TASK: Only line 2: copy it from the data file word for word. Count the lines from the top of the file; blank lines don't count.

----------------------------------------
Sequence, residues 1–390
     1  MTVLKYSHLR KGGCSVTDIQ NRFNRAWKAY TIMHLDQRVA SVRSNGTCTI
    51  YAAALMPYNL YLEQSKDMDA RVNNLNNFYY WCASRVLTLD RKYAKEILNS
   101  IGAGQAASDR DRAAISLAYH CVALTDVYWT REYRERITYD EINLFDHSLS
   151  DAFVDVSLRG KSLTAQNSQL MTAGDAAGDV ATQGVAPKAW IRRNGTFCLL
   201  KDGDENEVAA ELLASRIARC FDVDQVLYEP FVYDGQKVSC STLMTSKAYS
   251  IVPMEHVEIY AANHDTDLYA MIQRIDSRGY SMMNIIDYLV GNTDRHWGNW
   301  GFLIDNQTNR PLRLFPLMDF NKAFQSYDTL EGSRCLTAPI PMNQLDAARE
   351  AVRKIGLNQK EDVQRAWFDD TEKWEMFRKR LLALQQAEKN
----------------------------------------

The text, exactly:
     1  MTVLKYSHLR KGGCSVTDIQ NRFNRAWKAY TIMHLDQRVA SVRSNGTCTI